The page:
Last time, I wrote about the need for “playbooks” to help practitioners in the field advance plans and goals for development and progress. A question came back: what does a playbook look like?
Thinking about this, two different potential models come to mind. One model of the playbook is for it to look something like a user’s manual or construction guide. We have all worked through user guides to set up cable with a new television and followed the instructions in putting together shelving or furniture from a store like IKEA. While there are occasionally hiccups in the process, we almost always successfully install or build the product. The step-by-step instruction approach embodied in manuals or guides is designed to allow non-technical people to complete a task without having to have a lot of technical knowledge. It is an optimal strategy in situations where the process is fairly routinized and the building blocks are easy to produce and identify.
A second model emerges from the sports world, where teams have documents that are actually called playbooks. A team playbook includes a list of all the plays a team might use during the course of a game. The playbook can include plays for offense or defense. It includes many plays, some of which are only best used in very specific situations. And it includes the assignments each player is to fulfill during the play, so that a team can work as a coordinated body to reach a unified goal. The value of a team playbook is that it becomes a canon for the team and ensures that everyone is on the same page at all times.
Economic development, and policy in general, doesn’t neatly fit either of these models. ED strategies are rarely one-size-fits-all, and so it is difficult to identify a “routine” that will always work. In addition, the necessary preconditions for success are not agreed upon and are sometimes difficult to determine. So the user manual type playbook can be hard to produce. Similarly, the team playbook is problematic in that there is rarely a “canon” of economic development that includes each and every policy that might be pursued along with the specific assignments that each player should be fulfilling. Local context means that roles might be more fluid across people and institutions, and that adjustments could be necessary.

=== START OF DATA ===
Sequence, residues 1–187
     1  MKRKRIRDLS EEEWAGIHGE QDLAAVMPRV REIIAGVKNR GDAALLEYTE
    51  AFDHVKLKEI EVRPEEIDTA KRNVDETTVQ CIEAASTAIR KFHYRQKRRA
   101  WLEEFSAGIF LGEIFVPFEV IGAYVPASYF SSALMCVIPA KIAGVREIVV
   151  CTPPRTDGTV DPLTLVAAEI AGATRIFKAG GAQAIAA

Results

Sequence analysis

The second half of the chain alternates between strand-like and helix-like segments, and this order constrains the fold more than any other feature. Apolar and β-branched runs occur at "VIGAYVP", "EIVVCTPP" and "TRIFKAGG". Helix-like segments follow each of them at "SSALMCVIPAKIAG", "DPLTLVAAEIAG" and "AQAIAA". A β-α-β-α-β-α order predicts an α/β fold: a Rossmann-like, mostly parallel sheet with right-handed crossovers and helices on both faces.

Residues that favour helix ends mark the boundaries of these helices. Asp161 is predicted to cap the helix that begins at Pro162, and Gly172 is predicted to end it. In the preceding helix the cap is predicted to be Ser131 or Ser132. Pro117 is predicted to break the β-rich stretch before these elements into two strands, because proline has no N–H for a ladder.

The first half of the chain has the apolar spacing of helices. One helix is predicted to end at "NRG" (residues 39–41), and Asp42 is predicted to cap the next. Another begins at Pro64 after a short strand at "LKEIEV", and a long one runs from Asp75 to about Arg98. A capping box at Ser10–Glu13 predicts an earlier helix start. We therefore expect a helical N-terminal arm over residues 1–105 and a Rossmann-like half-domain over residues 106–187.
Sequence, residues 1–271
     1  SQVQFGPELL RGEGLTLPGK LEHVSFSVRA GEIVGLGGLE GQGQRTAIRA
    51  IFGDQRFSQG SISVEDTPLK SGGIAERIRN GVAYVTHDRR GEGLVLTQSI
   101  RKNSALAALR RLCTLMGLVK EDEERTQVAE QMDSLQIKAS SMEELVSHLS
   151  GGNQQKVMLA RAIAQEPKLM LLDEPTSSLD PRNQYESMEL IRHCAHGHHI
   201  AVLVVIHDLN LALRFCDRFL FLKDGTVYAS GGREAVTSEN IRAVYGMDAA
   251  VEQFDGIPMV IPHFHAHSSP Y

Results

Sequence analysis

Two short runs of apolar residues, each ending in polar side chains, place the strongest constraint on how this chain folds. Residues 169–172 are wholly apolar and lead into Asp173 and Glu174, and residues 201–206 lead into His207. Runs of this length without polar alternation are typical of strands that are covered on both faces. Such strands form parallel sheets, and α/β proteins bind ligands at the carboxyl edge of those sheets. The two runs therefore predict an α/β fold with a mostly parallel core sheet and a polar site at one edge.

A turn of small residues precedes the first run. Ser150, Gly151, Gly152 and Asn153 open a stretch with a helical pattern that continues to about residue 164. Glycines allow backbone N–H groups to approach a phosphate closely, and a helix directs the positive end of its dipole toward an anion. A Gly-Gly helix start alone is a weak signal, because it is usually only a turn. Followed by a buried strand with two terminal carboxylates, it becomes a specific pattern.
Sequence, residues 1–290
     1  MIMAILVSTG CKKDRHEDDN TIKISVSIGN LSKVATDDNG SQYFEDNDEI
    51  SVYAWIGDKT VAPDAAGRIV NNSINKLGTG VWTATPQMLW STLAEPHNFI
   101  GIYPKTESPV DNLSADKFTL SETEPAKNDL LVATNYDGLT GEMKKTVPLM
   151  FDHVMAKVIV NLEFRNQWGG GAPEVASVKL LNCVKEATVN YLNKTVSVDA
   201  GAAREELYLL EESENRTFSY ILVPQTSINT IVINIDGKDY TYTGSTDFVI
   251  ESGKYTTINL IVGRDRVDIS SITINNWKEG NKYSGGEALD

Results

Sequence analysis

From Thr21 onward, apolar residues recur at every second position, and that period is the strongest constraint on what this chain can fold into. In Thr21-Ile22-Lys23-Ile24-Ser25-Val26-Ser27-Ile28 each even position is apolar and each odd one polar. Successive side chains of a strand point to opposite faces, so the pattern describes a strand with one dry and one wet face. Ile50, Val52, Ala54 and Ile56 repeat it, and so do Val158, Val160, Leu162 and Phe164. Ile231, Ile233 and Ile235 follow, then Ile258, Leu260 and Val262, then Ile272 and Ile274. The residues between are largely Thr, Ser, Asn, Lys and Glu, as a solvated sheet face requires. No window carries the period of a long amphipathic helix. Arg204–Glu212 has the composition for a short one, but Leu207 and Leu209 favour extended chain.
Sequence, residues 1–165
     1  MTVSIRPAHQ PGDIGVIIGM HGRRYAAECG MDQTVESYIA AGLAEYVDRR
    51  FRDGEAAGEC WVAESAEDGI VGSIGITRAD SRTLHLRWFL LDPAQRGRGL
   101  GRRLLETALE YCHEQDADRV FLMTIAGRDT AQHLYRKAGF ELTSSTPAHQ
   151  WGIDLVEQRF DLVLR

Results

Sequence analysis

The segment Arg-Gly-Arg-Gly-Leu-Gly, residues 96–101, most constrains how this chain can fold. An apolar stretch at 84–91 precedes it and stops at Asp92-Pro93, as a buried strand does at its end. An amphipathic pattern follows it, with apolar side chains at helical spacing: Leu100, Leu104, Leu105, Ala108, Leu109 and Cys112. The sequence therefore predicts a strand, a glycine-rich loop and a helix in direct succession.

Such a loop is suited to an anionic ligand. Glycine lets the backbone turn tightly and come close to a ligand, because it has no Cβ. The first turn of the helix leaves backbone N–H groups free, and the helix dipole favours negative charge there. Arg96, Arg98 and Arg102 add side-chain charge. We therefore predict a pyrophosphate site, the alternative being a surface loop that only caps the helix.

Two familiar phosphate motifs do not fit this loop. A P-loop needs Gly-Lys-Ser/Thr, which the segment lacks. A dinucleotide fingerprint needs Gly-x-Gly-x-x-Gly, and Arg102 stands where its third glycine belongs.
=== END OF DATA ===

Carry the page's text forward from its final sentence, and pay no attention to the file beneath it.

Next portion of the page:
The problems with perfectly applying either playbook model notwithstanding, I do think there is value in trying to develop each in some form. User guides, even if for products or outcomes that are only similar to the ones being sought, can be instructive and at a minimum can highlight some parameters that practitioners need to consider when trying to craft their own effective strategy. And given that a team playbook would represent something of a policy “holy grail” – allowing individual policy makers or a policy-making body to get together and map out a coherent, coordinated strategy – putting together something that even approximates this would undoubtedly add value.
The question we face is what policy contexts are conducive to the creation of either model. Along with faculty colleagues here, I am working to develop something like a team playbook for the local provision of some services. But this cannot be the only area where this can work. Suggestions?